The most memorable college football players of the decade
The most memorable college football players of the decade
In his three years with Dabo Swinney's Clemson Tigers, Deshaun Watson threw for 90 touchdowns and more than 10,000 yards. He hit 4,000 passing yards in both his sophomore and junior seasons and led the ACC in nearly every quarterback metric in those two years. Watson finished off his college career with a dazzling 420-yard, three-touchdown performance for the 2017 national championship, avenging the prior year's loss to Nick Saban's Alabama Crimson Tide with a four-point come-from-behind victory.
(AP Photo/John Bazemore, File)
Even despite backing up running back T.J. Yeldon for all but one season with the Crimson Tide, Derrick Henry enjoyed a standout collegiate career at Alabama. When he finally took over primary backfield responsibilities for the Crimson Tide, Henry erupted for a whopping 2,219 rushing yards and was crucial to securing Alabama's fourth national championship in the Nick Saban era. That year, he led the NCAA in rush attempts, rushing yards, rushing touchdowns, plays from scrimmage, touchdowns from scrimmage, touchdowns, and points en route to becoming the first running back to win the Heisman Trophy in five years.
(Kelly Kline/Heisman Trust via AP, Pool File)
The fifth-ranked wide receiver in his recruiting class, Cooper achieved the rare feat of earning a starting role during his freshman year at Alabama. He racked up 1,000 receiving yards and 11 touchdowns on 59 receptions that season, which ended with a BCS National Championship win. Despite only starting seven games due to injury in his sophomore year, Cooper led the team with 736 receiving yards and four touchdowns. Still, his junior year was by far most impressive; he recorded 1,727 receiving yards and 16 receiving touchdowns, both of which were SEC bests and NCAA top-five marks for 2014.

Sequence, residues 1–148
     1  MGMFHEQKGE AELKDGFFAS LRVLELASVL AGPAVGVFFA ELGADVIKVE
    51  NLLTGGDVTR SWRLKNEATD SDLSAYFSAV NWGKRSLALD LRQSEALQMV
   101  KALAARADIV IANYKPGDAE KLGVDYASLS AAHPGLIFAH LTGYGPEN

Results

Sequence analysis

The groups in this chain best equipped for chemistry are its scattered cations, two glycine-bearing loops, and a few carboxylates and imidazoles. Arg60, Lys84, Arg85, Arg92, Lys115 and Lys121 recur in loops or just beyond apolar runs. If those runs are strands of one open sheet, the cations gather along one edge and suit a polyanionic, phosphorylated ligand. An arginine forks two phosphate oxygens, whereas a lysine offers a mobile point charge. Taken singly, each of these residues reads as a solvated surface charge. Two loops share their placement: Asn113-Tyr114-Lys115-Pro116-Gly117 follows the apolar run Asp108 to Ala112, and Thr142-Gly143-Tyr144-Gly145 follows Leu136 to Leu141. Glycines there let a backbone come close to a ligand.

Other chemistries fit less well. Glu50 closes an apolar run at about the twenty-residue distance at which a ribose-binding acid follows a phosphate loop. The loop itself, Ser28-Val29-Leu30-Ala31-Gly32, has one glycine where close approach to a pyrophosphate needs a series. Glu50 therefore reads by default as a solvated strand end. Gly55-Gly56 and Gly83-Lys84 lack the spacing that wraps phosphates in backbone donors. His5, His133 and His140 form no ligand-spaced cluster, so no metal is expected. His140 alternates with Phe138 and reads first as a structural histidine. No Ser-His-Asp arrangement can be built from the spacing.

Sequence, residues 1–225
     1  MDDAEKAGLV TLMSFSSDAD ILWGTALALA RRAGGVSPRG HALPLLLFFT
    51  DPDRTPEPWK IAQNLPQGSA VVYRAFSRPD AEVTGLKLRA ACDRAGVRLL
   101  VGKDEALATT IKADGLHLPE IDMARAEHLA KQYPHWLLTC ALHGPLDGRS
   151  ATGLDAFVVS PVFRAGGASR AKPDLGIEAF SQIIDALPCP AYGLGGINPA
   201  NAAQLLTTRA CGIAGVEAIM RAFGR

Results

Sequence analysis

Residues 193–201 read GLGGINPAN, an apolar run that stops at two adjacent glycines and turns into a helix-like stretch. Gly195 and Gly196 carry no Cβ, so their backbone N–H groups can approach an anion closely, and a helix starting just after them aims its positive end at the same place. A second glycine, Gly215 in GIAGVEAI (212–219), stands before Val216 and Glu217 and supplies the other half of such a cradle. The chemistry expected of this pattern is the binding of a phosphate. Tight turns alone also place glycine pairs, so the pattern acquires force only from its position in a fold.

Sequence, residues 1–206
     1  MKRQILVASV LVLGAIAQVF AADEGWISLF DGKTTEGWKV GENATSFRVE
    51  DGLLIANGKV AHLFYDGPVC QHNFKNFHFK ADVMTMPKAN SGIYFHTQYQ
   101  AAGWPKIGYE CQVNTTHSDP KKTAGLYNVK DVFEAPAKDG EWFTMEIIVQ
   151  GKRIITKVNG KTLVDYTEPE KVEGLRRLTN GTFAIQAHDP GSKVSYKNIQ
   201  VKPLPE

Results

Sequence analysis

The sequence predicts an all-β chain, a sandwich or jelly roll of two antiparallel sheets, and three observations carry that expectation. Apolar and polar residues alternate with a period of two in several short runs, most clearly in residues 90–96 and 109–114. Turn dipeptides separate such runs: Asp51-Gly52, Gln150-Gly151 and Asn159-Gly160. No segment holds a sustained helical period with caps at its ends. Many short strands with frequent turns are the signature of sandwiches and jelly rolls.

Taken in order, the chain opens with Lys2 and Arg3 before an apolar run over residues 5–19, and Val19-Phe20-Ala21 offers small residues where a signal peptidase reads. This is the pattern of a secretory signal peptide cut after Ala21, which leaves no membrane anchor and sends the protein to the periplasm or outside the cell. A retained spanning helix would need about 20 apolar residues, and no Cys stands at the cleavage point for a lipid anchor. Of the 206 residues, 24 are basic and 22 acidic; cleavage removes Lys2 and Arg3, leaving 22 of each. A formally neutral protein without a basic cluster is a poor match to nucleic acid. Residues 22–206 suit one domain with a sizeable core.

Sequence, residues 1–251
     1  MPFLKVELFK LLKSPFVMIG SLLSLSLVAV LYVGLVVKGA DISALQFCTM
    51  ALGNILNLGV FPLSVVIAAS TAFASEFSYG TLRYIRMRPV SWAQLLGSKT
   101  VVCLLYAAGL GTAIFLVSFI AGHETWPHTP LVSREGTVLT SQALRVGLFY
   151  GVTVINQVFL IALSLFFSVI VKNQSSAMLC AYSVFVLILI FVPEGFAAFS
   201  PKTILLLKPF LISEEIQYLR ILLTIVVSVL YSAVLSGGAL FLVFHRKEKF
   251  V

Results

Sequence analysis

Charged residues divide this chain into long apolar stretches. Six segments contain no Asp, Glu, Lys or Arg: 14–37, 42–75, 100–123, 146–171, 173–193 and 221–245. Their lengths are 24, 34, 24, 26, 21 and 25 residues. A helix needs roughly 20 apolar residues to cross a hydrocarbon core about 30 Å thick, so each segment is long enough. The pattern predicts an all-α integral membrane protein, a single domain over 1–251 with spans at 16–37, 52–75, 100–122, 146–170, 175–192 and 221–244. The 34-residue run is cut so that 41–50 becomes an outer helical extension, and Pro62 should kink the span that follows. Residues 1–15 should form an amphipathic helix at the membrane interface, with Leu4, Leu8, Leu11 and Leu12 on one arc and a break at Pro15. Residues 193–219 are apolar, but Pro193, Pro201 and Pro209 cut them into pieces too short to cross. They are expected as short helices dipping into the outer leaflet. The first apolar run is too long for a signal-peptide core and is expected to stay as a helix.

(AP Photo/Brynn Anderson)
Christian Wilkins played 55 games in four seasons for the Clemson Tigers. In that time, the 6-foot-4, 310-pound defensive lineman 192 tackles — including 94 solo tackles — and 16 sacks. He was a consensus All-American in 2018 and a two-time national champion during his collegiate career.
(AP Photo/Richard Shiro, File)
A three-year star for the Oregon Ducks, quarterback Marcus Mariota dominated the Pac-12 and the NCAA from 2012 to 2014. As a freshman, he threw for 32 touchdowns and well over 2,500 yards and rushed for another five touchdowns and 750+ yards. He also recorded a receiving touchdown to bolster his triple-threat status en route to Pac-12 All-Conference 1st Team honors. His sophomore year was even better still despite his playing part of the season with an MCL tear, as Mariota threw for nearly 1,000 more yards than his freshman year mark while throwing just four interceptions all season. His third and final season in Eugene was exceptional even for his own incredibly lofty standards; as a senior, Mariota threw for 4,454 yards and a whopping 42 touchdowns with just four interceptions. He added another 796 yards and 16 touchdowns from scrimmage en route to leading the NCAA in touchdowns responsible for, total yards per play, and total yards. Mariota also led the nation in passing efficiency rating, passing yards per attempt, and adjusted passing yards per attempt. Unsurprisingly, he won the Heisman Trophy before getting selected with the second overall pick in the 2015 NFL draft.